I have to say that we have a similar confusion in our European languages when we talk about the ‘aborigines’ people in any country, that means the local indigenous people (for the example, the aborigines of Taiwan or in Canada) and the Aborigines that has become the proper name of the Australian indigenous people. So I often had this question asked to me from foreigners visiting Taiwan : ‘How come there are aborigines people living in Taiwan ? Aren’t the Aborigines living in Australia ?’
That’s the reason why the aborigines of Taiwan asked for some change : in Chinese, they want to be called ‘yuanzhumin’ (not gaoshan ren, shandi ren or tongbao that were other terms used before), or in English, ‘austronesian’ as they are in fact austronesians and considere themselves as even more than simple austronesians as they are at the origin of the whole austronesian culture.


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PostPosted: Tue Sep 09, 2008 10:18 am 
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Following receipt of her weekly digest, Ann B Goodman has been in touch with me to:
Quote:
"thank Yuanzhumin for clarifying what "gaoshan" means in Chinese and as far as Taiwanese aboriginies are concerned. As for the quill jacket labeled "gaoshan", the Dong people certainly do live in the higher mountain regions in Southwestern China. Since Yuanzhumin is lucky enough to be living in Shanghai, not to be missed is the Hall of Ethnic Minorities on the topmost floor of the Shanghai Art Museum. It is there that I first saw the minority clothing of Southwest China, which started me on this road of discovery."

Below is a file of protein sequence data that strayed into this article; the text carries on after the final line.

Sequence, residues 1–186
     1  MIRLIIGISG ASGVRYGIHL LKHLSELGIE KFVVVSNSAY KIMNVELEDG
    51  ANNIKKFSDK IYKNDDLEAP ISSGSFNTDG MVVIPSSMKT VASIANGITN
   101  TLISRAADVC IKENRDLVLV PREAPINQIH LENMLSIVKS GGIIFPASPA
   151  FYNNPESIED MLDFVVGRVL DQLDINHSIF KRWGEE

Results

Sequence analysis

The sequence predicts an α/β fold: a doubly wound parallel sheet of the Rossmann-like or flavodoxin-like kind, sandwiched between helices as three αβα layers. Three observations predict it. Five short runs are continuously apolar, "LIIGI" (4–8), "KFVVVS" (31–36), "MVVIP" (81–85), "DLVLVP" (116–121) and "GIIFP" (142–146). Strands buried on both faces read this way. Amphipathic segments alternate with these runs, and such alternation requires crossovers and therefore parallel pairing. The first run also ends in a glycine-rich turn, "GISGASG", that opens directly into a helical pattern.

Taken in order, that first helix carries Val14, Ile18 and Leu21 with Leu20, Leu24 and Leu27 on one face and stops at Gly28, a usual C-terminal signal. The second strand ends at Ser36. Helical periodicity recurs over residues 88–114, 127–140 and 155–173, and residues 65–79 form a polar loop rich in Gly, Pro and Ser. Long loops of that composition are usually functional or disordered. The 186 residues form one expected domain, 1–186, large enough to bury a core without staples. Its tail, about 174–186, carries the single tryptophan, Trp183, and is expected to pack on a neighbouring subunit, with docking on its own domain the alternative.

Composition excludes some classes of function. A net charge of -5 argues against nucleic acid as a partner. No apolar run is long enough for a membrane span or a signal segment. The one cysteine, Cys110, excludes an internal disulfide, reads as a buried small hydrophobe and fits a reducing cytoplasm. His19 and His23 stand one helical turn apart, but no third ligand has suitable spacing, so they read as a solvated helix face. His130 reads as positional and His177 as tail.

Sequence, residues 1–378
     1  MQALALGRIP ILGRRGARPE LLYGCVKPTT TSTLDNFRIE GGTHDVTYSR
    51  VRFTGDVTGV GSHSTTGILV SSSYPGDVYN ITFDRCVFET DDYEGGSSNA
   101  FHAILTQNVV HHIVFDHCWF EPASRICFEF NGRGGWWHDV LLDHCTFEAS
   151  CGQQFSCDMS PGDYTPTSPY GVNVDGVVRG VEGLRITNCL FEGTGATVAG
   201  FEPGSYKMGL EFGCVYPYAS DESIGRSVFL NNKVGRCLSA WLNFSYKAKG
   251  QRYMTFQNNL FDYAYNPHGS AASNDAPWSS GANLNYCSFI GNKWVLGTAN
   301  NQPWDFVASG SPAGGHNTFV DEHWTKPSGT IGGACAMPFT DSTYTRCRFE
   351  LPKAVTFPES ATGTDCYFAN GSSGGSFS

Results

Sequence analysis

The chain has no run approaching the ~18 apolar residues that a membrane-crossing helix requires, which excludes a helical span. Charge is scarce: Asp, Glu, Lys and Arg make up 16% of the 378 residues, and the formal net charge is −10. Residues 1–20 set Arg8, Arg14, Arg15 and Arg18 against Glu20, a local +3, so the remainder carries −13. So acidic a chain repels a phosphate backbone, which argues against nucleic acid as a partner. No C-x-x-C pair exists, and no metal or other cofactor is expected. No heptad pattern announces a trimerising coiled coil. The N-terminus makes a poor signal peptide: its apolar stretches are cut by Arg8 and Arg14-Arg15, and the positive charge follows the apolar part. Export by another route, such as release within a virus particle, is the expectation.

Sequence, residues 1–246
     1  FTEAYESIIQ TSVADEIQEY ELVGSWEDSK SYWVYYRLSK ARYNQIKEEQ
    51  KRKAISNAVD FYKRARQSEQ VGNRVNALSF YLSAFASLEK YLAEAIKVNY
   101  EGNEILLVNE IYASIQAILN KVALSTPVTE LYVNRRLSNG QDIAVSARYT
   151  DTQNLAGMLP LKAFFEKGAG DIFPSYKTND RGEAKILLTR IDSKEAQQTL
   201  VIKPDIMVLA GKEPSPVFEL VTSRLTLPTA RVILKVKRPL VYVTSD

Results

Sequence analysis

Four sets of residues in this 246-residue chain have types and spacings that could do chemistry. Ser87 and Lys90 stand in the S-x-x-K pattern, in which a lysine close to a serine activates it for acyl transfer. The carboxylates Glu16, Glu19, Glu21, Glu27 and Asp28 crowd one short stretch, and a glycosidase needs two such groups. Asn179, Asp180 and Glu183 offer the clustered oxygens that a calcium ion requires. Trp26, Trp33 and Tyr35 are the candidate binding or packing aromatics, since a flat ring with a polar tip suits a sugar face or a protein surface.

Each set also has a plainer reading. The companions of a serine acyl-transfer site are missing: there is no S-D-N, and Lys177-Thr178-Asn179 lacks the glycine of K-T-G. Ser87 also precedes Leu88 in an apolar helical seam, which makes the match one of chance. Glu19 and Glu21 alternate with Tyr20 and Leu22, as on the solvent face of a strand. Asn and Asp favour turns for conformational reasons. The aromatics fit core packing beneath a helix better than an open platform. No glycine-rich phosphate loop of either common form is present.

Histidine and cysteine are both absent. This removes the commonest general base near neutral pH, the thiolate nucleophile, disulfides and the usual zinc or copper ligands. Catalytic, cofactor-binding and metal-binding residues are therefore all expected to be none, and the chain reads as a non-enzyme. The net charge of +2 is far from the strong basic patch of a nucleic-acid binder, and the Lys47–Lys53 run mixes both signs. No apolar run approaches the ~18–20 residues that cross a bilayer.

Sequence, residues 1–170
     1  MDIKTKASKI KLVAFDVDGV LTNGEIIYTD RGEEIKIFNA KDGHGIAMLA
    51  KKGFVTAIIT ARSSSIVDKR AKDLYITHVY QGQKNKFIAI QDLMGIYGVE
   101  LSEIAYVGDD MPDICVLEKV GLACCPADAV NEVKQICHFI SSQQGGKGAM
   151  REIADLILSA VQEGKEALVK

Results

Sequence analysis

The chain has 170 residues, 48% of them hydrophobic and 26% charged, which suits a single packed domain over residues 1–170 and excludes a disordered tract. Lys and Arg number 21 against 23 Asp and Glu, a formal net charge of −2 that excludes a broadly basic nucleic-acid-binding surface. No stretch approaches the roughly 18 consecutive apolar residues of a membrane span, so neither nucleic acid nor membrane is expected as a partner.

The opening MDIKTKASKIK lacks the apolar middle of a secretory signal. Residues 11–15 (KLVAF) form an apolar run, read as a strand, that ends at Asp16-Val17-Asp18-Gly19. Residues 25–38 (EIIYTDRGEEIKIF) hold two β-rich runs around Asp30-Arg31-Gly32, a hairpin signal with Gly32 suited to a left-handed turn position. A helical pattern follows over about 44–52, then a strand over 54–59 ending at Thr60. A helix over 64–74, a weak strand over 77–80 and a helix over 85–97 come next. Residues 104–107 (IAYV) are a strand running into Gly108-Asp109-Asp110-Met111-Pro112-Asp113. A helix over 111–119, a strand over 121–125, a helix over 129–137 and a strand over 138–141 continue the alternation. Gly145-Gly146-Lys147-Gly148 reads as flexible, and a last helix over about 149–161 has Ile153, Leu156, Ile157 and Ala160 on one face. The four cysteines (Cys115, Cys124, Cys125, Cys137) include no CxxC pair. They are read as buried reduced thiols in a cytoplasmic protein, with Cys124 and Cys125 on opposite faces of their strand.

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PostPosted: Sun Sep 14, 2008 4:23 am 
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Location: Formerly Taipei -Taiwan, now Shanghai - China
- Pamela :
Thanks for talking to Nick about me. We are now in contact.
- Ann :
Yes, I've been to the last floor of the Shanghai Museum one week after my installation.
As for the Taiwanese pieces exhibited, there were a few beaded jewellery items and two classical beaded tunics from the Atayal, a couple of daily utensils from other tribes, and two nice boats from the Yami tribe.
-For the members of the forum in Shanghai :
I have discovered very close to my place a shop selling South West China minorities textiles. It's located at the crossing of Julu Road and Xiangyang Road.